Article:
I felt I ought to write a post like this. It’s a very uncertain time for everyone so I hope I can help out as many people as possible – I’m still trying to figure it out too. I thought I’d share some of my experiences so far with trying to adapt and produce my podcast, as well as others during this crisis.
I was very intrigued to see how many people are still listening to podcasts as the majority have lost their commute. 90% of my podcast listening happens while commuting into work and now that’s gone I am barely listening to any. I wondered if anyone else was noticing the same thing, so I put it to Twitter:
40% of people are not listening to podcasts currently, that’s a huge amount of your audience cut out already. The good news is, people are still listening, but just in a slightly different way. Surprisingly, many people are listening to your dulcet tones while cooking up their next treat (after watching Jamie Oliver or Kenji Lopez-Alt).
Sally Fox responded saying:
So what should you do about your format?
- I’d keep it as short as possible, people have lost their commute times and are finding new ways to listen to podcasts. This is a great time to hone in on your editing skills and really crafting an interesting narrative in your episodes. For all episodes I’m aiming for no more than 30 minutes. If your podcast relies on length, maybe cut it down into multiple parts?
- Take some time to listen back to some old episodes and add in clips from previously recorded episodes. How I Built This often do replays of old episodes that go to the top of the feed.
Experiment with a few different options and see how your audience react. Ask them on other channels what they’d prefer, then go from there.
Recording & Software
Similarly to a lot of people who are now working remotely, my default video conferencing software is Zoom. The majority of people now have Zoom installed on their computers, so hosting your podcast using this is a great option. It is reliable and has fantastic recording capabilities.
To make sure you get the most out of the software and to give you the most flexibility when editing, make sure you select ‘Record a separate audio file for each participant‘ in the recording settings [preferences > recording].
Although Zoom is a great option for recording podcasts remotely, if you want to upgrade your quality (or if your co-host / guest has a high-quality microphone) you might want to look into using Cleanfeed. Cleanfeed is built to generate the highest fidelity audio recording over the internet so is perfect for those wanting the best possible production.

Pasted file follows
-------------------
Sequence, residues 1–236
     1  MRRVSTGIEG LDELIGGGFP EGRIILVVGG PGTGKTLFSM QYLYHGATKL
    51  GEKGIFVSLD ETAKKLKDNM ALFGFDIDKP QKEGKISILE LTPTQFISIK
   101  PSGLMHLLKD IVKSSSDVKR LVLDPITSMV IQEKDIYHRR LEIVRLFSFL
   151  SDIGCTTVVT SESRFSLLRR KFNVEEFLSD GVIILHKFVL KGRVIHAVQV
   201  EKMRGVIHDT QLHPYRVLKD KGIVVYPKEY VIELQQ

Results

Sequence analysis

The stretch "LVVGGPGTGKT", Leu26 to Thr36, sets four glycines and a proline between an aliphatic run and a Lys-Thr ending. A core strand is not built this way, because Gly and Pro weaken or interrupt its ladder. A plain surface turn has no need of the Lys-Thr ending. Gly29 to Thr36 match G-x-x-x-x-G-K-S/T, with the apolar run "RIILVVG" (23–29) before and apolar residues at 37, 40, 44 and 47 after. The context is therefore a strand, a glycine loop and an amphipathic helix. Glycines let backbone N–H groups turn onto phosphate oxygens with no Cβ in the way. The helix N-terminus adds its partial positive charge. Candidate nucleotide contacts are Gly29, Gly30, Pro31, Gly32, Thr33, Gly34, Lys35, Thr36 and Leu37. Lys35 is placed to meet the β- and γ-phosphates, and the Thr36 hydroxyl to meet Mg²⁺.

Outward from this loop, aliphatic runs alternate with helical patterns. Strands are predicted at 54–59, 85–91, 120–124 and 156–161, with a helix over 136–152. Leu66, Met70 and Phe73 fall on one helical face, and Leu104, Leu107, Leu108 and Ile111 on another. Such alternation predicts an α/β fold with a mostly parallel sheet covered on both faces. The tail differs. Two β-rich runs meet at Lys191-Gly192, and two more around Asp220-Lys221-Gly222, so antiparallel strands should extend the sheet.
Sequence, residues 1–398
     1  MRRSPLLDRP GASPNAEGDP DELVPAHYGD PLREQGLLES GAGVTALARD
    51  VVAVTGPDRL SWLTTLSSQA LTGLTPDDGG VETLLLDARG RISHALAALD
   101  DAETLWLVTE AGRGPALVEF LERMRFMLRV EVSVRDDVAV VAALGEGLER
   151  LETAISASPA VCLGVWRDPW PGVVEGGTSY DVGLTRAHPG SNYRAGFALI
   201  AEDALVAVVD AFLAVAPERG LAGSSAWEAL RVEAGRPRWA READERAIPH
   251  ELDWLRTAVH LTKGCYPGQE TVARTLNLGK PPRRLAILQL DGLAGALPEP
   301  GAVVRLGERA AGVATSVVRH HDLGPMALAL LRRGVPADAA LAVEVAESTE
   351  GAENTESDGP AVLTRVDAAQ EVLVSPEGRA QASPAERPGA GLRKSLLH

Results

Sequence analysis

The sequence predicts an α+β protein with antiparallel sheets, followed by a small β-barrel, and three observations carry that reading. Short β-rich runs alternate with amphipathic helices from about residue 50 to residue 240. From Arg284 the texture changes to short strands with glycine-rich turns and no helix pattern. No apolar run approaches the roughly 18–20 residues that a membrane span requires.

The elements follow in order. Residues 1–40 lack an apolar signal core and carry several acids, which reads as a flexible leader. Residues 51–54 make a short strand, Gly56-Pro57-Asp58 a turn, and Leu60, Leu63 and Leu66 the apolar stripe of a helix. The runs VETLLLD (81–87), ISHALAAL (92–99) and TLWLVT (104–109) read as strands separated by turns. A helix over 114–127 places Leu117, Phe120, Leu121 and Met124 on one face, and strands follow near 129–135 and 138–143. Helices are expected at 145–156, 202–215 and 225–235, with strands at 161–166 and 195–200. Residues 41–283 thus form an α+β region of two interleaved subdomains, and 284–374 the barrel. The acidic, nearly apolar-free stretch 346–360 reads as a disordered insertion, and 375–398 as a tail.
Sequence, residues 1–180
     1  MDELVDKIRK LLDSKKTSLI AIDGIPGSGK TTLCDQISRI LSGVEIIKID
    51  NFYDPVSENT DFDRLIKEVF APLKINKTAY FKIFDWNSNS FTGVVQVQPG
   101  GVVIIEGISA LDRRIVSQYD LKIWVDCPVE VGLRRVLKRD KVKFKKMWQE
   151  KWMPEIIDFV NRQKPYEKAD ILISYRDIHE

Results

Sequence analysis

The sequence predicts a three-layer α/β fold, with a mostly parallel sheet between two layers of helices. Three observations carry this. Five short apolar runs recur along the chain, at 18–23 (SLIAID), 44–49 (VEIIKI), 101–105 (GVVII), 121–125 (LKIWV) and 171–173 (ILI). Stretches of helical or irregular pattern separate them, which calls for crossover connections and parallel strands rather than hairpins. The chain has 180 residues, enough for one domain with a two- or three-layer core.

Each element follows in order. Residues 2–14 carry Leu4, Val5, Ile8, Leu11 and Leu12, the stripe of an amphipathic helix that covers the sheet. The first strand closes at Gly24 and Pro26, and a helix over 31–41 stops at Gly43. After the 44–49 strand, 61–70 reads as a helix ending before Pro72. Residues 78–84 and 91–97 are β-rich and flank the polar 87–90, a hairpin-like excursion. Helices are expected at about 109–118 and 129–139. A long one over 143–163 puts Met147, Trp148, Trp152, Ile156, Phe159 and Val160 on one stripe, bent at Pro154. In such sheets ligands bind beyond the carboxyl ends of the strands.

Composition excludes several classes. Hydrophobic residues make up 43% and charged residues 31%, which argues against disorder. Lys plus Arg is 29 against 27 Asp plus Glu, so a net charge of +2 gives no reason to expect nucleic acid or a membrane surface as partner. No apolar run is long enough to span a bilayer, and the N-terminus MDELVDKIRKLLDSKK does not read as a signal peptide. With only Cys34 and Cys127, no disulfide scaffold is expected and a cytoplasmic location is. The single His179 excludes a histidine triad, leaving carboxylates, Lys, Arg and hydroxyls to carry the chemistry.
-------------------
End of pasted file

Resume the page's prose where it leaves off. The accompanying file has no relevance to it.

Thank you to Mark Runacus from the Wax Lyrical podcast for the recommendation.
A final option, one that I use for the Agency Startup podcast, is to each record your audio natively and then to sync together in the edit. This will give you the best possible quality if every member of the podcast has the technical know-how and equipment. If you choose this option, record your call as a backup.
Now not everyone will have a broadcast level audio recording setup in their homes, but for relatively little money you can get very close to it. More than ever it is a great time to upgrade your home audio setup given that we’ll all be at home for some time. This will give you extra work brownie points in conference calls too.
This being said, if you don’t have the resources to get the extra equipment then do not worry at all – these are tough times for everyone and if you focus on making your content as entertaining and engaging as ever, no one is going to notice.
My current home setup is as follows:
- Shure SM58 Mic (£100)
- Zoom H6 (£300)
- Neewer Mic Stand (£20)
- Bose QC35’s (£250)
This is not the cheapest home setup, but you can replace a few items to make this far more palatable. For me, the Zoom H6 I use for most productions and the Bose QC35’s I own for listening to music anyway. Here’s another great setup:
- Rode Procaster (£130)
- Focusrite Scarlett 2i2 (£100)
- Neewer Mic Stand (£20)
- Earbuds (£10)
Both these microphones require an interface to plug into your computer as they are XLR. If you wanted to save some money (and cables) for the most straightforward setup, there are a few great USB options:
- Rode Podcaster
- Rode Podmic Mini
- Blue Yeti (use with caution)
All of the above are great options for having fantastic sounding audio. If you don’t have the equipment or the ability to get hold of some – do not worry – focus on making great stories and entertaining content.
Publishing & Promotion
As for getting your podcast out there, service as normal is what I am seeing so far – but be mindful of the context you’re posting. I have a few episodes of the Marketing Mashup that I recorded pre-Coronavirus that I’m wary of promoting too heavily right now. Instead, I recorded an episode with Joe Glover of The Marketing Meetup to cover the topic and how we can all be a little kinder too each other right now.
If you’re new to podcasting and aren’t sure on how to get it out there, I’d recommend using Transistor to host and follow the steps in their guide to get started. I’m always around on Twitter if you need a hand.
Now is a great time to get creative with your promotion:
- You could create some snippets using Headliner.app or Veed.io to post on your social channels.
- You could make a highlight show to post in your feed or on socials again.
- Make a trailer to showcase your upcoming episodes.
- Write a blog post with the 10 things you’ll learn from that episode. Post it on relevant subreddits and communities.
Keep up the great podcasts
I hope everyone carries on making fantastic podcasts. If you haven’t started – get together with your friends to discuss a topic you’re interested in. If you’ve been meaning to get cracking for months with it sitting on the bottom of that long to-do-list; start now!